While I think (but I am biased) that much of the weaknesses in Feingold's position can be discerned by reading his and my op-eds in yesterday's paper, here's a more detailed fisking of what he has to say.
Russ: When a New York Times article exposed the National Security Agency program, the White House launched an intensive effort to mislead the American people yet again. This time, the White House suggested that the program was necessary in order to wiretap terrorists.
Attorney General Gonzales has testified that the program is necessary to conduct the type of surveillance that following Al Quaida in today's technological world requires. As I point out, whether that is true or not depends on details that are not publicly available. But it's not an implausible suggestion. We live in a world where people can change cell phones and urls by the minute. Responding to that reality was one of the innovations of the Patriot Act (which Feingold also opposed). The notion that one can know "where" a target is (or precisely who a target is) and then establish probable cause may be defeated by technology. While we may want to stick to the old rules domestically, there is a long traditon of allowing more leeway where foreign agents are involved in international and transnational communications.
Russ: In this year's State of the Union address, the president implied that before he authorized the program, he couldn't have wiretapped terrorist suspects. That is simply untrue. Congress passed FISA in 1978 specifically to lay out the rules for wiretaps of terrorists and spies, and it has updated that law repeatedly since. FISA includes safeguards, which the president is ignoring, to protect the rights and freedoms of law-abiding Americans.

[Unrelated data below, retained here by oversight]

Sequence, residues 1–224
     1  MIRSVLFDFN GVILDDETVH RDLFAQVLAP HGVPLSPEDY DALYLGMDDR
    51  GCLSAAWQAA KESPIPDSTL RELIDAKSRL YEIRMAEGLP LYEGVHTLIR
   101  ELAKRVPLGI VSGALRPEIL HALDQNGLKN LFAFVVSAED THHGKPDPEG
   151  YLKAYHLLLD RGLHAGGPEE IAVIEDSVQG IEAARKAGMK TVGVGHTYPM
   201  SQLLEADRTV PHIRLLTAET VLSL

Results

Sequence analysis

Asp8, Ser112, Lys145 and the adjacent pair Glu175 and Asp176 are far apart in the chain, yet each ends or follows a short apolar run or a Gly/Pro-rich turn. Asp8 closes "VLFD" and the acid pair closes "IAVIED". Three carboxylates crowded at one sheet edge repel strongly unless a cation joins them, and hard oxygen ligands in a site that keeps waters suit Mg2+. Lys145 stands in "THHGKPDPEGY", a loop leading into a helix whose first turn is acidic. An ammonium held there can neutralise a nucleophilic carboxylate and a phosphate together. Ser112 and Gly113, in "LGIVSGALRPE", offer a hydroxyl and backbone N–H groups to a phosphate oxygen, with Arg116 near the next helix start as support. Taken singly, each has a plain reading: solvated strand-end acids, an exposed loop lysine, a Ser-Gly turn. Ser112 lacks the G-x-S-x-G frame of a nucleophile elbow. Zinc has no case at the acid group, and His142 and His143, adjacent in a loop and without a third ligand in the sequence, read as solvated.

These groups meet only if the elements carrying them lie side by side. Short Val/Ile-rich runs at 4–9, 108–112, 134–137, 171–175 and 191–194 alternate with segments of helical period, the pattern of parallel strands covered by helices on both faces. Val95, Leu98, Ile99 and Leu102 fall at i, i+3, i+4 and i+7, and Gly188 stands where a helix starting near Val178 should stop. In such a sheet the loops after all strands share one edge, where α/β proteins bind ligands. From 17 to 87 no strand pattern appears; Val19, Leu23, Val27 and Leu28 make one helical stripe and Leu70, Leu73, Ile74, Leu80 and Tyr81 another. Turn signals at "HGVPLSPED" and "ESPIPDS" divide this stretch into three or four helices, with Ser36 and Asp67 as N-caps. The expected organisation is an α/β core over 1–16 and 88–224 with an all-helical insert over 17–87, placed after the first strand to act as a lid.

Russ: He [Bush] has said that the Authorization for Use of Military Force signed into law after Sept. 11 authorized warrantless wiretaps, when virtually every member of Congress agrees they intended no such thing.
I do not believe that virtually every member of Congress has said that they believe the AUMF cannot be interpreted to apply to the NSA program. In any event, what legislation means is determined not by what those who passed it said they meant but by what it actually says. Whether or not the President has acted without regard for the law turns on whether he has ignored the law and the manner in which the courts have interpreted it. Feingold doesn't even begin to address why Hamdi v. Rumsfeld doesn't more or less resolve the issue in the president's favor, much less make what he has done a good faith interpretation of the law. Yeah, I know that this legal stuff is boring, but we are talking about censuring a president here. I thought our heroic maverick was all about substance and not soundbites.